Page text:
This is, as one can imagine, a very useful thing to have -- it's the sort of thing that helps a police profiler track down a serial killer. But, if it's not tempered with either the other two forms or a personal moral code, it can lead as easily to cruelty as to a positive outcome.

    Ender, unfortunately, lacks the other two forms of empathy. He doesn't show much in the way of emotional responses to the pain of others (which I'll call "reactive empathy") and he doesn't really think about how others will feel when deciding whether to do something or not (which I'll call "empathetic consideration"), except insofar as it's important to his goal of undoing them.

    ...I suspect that this lack of reactive empathy and empathetic consideration is supposed to be the difference between Ender and Valentine. >_>; Being open to the emotions of others is a vulnerability (if an entirely necessary one for human society to function), and it wouldn't be hard to imagine Card seeing it as "weakness" that can't exist in his manly hero. =/

  3. These are not synonyms! Maybe they are in whatever futurespeak language Graff uses. They should fix that. Invent more words.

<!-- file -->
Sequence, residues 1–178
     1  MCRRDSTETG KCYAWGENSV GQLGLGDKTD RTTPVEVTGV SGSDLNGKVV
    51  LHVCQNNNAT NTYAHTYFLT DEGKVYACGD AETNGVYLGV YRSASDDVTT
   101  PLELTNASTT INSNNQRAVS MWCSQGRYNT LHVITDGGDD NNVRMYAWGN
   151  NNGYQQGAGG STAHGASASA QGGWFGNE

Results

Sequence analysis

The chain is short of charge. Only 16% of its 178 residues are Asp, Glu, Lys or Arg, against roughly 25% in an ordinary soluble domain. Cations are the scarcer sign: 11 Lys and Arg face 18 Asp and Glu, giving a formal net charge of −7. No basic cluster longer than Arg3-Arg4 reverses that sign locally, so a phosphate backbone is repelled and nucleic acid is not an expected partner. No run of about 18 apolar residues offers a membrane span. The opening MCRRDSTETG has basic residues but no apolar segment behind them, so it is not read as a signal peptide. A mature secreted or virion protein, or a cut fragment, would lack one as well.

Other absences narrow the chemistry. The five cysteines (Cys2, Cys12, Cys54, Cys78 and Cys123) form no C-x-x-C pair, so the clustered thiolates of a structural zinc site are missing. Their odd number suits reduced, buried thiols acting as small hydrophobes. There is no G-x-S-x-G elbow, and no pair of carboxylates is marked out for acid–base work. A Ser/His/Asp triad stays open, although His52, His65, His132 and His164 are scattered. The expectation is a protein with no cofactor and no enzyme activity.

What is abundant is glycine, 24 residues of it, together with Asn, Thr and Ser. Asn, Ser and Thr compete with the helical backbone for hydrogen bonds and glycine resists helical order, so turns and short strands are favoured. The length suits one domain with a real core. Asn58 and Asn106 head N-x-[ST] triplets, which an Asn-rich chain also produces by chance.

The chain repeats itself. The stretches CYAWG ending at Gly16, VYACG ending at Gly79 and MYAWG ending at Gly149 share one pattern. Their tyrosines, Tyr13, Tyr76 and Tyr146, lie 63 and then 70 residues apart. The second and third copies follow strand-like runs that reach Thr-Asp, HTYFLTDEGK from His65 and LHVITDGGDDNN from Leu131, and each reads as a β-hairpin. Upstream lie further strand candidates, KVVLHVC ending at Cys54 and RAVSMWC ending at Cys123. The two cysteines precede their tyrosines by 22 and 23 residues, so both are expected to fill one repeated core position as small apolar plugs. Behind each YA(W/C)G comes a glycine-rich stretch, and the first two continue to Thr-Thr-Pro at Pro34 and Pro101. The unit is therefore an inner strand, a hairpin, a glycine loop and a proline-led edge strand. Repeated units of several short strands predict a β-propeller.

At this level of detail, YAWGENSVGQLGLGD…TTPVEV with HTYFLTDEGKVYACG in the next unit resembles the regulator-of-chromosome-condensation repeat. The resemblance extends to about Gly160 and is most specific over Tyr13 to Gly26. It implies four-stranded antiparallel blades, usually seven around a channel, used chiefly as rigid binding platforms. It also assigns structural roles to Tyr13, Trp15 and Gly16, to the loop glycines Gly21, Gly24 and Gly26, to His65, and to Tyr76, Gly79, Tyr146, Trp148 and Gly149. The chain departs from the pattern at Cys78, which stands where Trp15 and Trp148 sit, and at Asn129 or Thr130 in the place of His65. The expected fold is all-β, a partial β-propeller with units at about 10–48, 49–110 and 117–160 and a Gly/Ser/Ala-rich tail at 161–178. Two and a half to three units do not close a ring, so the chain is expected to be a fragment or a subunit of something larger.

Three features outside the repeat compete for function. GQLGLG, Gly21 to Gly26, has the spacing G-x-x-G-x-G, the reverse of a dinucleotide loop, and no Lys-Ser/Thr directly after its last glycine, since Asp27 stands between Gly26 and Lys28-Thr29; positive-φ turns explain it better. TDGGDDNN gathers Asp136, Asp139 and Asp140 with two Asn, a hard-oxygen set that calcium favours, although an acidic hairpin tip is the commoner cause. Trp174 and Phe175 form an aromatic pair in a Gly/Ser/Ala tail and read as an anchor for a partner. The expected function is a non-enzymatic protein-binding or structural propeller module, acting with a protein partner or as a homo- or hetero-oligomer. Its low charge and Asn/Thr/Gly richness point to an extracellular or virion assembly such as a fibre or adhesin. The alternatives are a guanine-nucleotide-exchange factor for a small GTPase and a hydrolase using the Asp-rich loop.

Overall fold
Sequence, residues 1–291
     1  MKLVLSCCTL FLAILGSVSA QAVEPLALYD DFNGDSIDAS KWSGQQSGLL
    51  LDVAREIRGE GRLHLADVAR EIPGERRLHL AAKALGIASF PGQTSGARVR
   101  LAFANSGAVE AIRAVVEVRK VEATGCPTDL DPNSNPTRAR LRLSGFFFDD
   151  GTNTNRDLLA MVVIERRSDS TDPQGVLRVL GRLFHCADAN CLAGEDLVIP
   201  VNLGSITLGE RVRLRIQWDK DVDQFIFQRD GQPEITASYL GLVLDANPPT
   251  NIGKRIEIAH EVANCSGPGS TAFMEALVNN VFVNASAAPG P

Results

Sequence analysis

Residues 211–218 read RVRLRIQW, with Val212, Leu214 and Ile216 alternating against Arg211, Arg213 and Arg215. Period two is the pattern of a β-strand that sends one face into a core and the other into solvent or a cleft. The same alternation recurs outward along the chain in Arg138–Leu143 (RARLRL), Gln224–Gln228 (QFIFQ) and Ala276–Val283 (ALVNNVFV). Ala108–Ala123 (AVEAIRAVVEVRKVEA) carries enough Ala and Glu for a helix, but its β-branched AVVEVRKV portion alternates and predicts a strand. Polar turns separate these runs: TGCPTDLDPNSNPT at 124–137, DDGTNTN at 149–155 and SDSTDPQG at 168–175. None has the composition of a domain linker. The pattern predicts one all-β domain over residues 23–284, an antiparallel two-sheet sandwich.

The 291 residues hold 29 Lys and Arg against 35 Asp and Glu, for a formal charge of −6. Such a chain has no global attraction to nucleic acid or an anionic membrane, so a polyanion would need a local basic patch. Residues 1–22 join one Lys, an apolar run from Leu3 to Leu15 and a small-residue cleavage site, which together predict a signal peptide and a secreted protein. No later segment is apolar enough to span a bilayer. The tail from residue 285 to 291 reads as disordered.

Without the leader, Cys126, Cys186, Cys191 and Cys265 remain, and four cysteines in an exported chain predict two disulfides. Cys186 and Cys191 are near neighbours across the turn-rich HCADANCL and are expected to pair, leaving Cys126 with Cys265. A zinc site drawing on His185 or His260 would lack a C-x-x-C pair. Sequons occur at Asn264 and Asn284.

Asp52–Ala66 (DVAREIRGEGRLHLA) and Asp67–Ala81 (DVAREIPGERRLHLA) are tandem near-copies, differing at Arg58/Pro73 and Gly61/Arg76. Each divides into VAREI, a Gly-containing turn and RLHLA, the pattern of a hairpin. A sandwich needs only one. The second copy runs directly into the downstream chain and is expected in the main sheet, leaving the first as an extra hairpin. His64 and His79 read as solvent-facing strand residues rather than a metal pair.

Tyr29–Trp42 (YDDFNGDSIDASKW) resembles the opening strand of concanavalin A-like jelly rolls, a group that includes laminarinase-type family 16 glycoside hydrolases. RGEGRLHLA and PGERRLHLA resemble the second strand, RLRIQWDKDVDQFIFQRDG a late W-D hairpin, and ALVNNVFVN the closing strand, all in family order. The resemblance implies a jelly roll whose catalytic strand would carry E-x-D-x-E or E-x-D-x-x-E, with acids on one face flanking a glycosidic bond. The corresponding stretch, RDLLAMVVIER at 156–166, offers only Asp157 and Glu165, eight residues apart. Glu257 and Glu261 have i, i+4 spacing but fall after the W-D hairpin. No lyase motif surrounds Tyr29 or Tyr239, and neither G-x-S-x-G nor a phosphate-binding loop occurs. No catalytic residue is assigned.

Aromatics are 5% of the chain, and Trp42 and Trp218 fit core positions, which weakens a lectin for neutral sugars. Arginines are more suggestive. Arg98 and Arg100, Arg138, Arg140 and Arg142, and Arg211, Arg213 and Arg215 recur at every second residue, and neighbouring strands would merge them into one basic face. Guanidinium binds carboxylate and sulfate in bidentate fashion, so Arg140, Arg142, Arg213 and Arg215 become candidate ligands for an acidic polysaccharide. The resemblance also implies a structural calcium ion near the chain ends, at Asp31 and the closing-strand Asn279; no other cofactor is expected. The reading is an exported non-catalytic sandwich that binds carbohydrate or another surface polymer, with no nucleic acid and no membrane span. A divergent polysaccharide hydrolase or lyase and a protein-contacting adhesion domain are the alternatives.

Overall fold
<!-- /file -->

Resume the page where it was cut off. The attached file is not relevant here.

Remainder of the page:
This is bieberbillion awesome. Just so you know. :D

    The thing I hated about this scene, well, stop. Let me try again. ONE of the things I hated about this scene was the fact that Ender will go on to deliberately use this same strategy to take Bean down a notch. Which really bothered me because it presents this cycle of marginalization as natural, appropriate, and even The One True Way to train little geniuslings.

    As someone who exhibited unfortunately geniusling traits myself as a child (mainly being socially withdrawn, good with reading and vocabulary, enthusiastic about schoolwork, and wearing Geek Glasses) and was mercilessly bullied for it, I'm always irked when I see bullying held up as a constructing schooling tactic. Bullying didn't make me smarter or better at school, nor did it teach me how to survive. I just suffered until I was able to leave. No value added. Lots of harm caused. And yet not only do you see this bullshit in military novels, you see it in shit like L'Engle's work where Charles Wallace (sp?) is supposedly Made Stronger by weathering bullying. No. Just no. That is, pardon me, a fantasy* of the oppressed joining the ranks of the oppressors. And that is PRECISELY what Ender does.